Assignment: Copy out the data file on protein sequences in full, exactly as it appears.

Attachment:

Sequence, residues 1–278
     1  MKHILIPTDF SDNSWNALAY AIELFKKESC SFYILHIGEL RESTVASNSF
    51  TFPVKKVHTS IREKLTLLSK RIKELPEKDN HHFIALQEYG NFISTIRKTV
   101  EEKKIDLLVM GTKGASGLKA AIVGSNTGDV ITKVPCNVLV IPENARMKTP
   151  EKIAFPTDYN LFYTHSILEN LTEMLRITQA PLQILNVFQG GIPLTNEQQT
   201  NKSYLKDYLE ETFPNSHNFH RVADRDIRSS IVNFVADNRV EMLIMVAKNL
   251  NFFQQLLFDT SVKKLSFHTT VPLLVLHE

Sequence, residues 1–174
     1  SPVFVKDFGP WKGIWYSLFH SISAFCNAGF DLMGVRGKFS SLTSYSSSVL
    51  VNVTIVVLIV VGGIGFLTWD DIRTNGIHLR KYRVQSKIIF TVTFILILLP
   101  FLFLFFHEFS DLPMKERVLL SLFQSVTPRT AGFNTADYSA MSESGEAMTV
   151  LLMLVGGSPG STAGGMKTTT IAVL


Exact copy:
Sequence, residues 1–278
     1  MKHILIPTDF SDNSWNALAY AIELFKKESC SFYILHIGEL RESTVASNSF
    51  TFPVKKVHTS IREKLTLLSK RIKELPEKDN HHFIALQEYG NFISTIRKTV
   101  EEKKIDLLVM GTKGASGLKA AIVGSNTGDV ITKVPCNVLV IPENARMKTP
   151  EKIAFPTDYN LFYTHSILEN LTEMLRITQA PLQILNVFQG GIPLTNEQQT
   201  NKSYLKDYLE ETFPNSHNFH RVADRDIRSS IVNFVADNRV EMLIMVAKNL
   251  NFFQQLLFDT SVKKLSFHTT VPLLVLHE

Sequence, residues 1–174
     1  SPVFVKDFGP WKGIWYSLFH SISAFCNAGF DLMGVRGKFS SLTSYSSSVL
    51  VNVTIVVLIV VGGIGFLTWD DIRTNGIHLR KYRVQSKIIF TVTFILILLP
   101  FLFLFFHEFS DLPMKERVLL SLFQSVTPRT AGFNTADYSA MSESGEAMTV
   151  LLMLVGGSPG STAGGMKTTT IAVL